[ external image ]
I had to post it :D

FlyingIsFun1217
Posts: 475
Joined: Sun Jun 10, 2007 3:56 am

Re: Building a new PC, Windows 7

Post by FlyingIsFun1217 »

Not sure I'd be running 7 on that!

FlyingIsFun1217

PurpleGurl
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Location: USA

Re: Building a new PC, Windows 7

Post by PurpleGurl »

Bblaauw wrote:I'm not sure what you're looking for in a new system. Basicly, on x86/x64 at Intel's side, there are a few platforms you can go for:...
Actually, I am a performance buff. I went with the 2nd best CPU option in terms of bench marks and I just put in an overnight order for a board (Intel X79 chipset), Windows 7, Thermaltake dual fan universal cooling solution (I am only interested in the PGA 2011 compatibility, but it has brackets and shims to fit most current processors), and 8 GB RAM (should have gotten 16). All the parts came a bit ago. I have a Tb drive I can put in there, but if I need anything else, I can get it locally, other than a better power supply. I might just order a quiet power supply that puts out more wattage and maybe 2 more sticks of RAM to use all four channels. I read of people having mounting problems with the Thermaltake cooler, but I have no problems getting the case closed nor having room for RAM. The folks with the RAM issues tend to use high profile RAM. One work around in that situation is to not use one of the 2 fans, leaving room for at least two DDR3, depending on the board.

I agree with you on having an OS drive and a separate storage drive to take advantage of SSD technology within a reasonable price range. I do understand that SSD drives have limited write life, and also have "neighbor erosion" issues (the number of times you can read the adjacent cells without refreshing the current one). While the technology itself is actually slower, the drives utilize cache RAM and a scheme similar to RAID 0, but on-board and involving only the same drive. If you run 16 banks of NVR and have a 256-bit processor, you make up for a high overhead by dividing it into a much larger payload. Writes tend to be slower than reads, but with a good Trim function in the OS, the empty cells are always formatted in advance. Hybrid drives are good in theory, but can act funny or take time to adjust and self-optimize, and won't work properly without good OS support. If they are used as storage drives, there may be no gain, but will show gain when used as boot drives.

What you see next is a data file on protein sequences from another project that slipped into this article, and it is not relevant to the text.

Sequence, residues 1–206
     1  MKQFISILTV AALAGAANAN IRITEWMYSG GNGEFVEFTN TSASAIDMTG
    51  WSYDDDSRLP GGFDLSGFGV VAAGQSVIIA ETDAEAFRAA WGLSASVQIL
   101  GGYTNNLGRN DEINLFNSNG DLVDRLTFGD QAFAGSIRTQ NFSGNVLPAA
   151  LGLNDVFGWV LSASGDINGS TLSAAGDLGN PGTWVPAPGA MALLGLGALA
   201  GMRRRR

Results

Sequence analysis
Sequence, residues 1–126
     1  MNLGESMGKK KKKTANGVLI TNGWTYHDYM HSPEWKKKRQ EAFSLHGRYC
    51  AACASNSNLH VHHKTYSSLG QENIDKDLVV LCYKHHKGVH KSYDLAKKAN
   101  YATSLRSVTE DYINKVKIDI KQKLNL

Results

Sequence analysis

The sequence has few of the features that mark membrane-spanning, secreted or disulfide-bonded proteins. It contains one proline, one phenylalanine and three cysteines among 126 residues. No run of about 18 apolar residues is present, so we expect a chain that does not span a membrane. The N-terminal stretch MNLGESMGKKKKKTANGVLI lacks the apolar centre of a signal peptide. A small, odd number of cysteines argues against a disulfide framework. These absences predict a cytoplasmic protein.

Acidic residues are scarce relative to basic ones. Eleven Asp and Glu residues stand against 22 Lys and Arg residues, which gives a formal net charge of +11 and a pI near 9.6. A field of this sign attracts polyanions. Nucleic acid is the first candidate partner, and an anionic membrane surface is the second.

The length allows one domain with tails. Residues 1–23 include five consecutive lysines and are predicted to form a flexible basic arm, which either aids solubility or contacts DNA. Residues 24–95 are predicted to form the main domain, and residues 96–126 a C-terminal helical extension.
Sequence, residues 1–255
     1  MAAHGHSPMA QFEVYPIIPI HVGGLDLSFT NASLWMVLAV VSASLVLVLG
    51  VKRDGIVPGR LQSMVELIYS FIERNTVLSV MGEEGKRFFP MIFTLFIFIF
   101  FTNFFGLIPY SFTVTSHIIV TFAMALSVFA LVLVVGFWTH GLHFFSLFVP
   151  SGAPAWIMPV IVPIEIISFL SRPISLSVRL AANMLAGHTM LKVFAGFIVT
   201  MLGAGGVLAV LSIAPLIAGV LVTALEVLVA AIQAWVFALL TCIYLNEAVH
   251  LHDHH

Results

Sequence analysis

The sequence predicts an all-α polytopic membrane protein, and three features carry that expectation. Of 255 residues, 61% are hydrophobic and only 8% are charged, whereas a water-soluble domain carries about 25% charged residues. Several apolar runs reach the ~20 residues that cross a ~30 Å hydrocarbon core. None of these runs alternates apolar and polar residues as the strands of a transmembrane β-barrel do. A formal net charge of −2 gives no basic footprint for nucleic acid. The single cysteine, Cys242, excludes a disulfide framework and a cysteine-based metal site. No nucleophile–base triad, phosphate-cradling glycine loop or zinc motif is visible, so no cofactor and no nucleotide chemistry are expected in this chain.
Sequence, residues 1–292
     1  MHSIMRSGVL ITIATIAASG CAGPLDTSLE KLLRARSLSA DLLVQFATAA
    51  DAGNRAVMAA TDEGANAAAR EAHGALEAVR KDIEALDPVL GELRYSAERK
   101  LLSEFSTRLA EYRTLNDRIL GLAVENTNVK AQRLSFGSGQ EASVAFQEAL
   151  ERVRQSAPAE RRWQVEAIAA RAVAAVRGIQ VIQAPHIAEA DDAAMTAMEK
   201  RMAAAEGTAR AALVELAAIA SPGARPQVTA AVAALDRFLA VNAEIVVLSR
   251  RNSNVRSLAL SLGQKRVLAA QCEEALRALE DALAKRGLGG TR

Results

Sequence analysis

Speaking of drives, we should see some interesting pricing developments this year. The storms last year wiped out a few mechanical hard drive factories, and some companies consolidated. So that means the demand for traditional drives will increase, as will the prices. I called a nearby computer dealer about 1Tb drives. I should have gotten 2 when I got the one last year, since there is a 30%-50% price increase. The pressure caused by decreased production of mechanical drives will increase the production of solid state devices. In addition, a new solid state storage technology discovered last year should increase the density without greatly increasing cost. So there should be larger denomination USB sticks too.

I guess I should get back to the machine and see if it will POST. It is mounted and needs to be wired. I really need a decent video card, but I can use the one from this one for now and put the one that was in this one back in. It is really a toss-up between these economy grade video cards. One is faster, but the other looks better. I guess trading a 64-bit RAMDAC for a 32-bit one could be faster in some instances, but would reduce the quality.

I do have a gripe. I put in a HDD I had cloned at some point in time and it started to load XP and then blue screened. I am pretty sure incompatible drivers is why it did that. RAID and SATA are particularly funny about that. That is not my gripe. My gripe is that when I was ready to mount a DVD burner in it, there was no place to plug it. So that means I will need to get a new CD/DVD burner with a SATA connector.

The combined mouse/keyboard port is silly, and they don't even give you a splitter dongle. I read up on the specs of PS/2 ports, and while things are similar, they are different. There are two ways motherboards like that use the combined port. For some, they put both signals on the same signal pin and compromise the voltage for the power pin. Technically, mice and keyboards use different voltages, though you can probably fudge some there. The data packet formats are similar enough to combine the data pins, and the commands are different so there will be no collisions. Other makers will use the standard signal pin for one of the devices and use the normally unused connection for the other. So you have to use a splitter which uses the same strategy as the combined socket on the computer. But I can use one or the other and put the other in a USB port.

I see I may need a different power supply or at least an adapter. Right now, I have a 4 pin ATX plug connected to the 8 pin socket on the board. That seems to work, but I'd have to see if there aren't other problems like less cores running than present. At least one fan socket seems not to work, so maybe it gets power from the 8-pin, 12-volt, CPU power socket, or then again, that could be a BIOS setting. This uses the new BIOS type, I forgot what it is called (UEFI?), but there is room for 2 BIOS code sets, meaning that if you get a bad flash, you can still boot by changing a switch setting. The board is made for overclockers and has all sorts of on-board settings.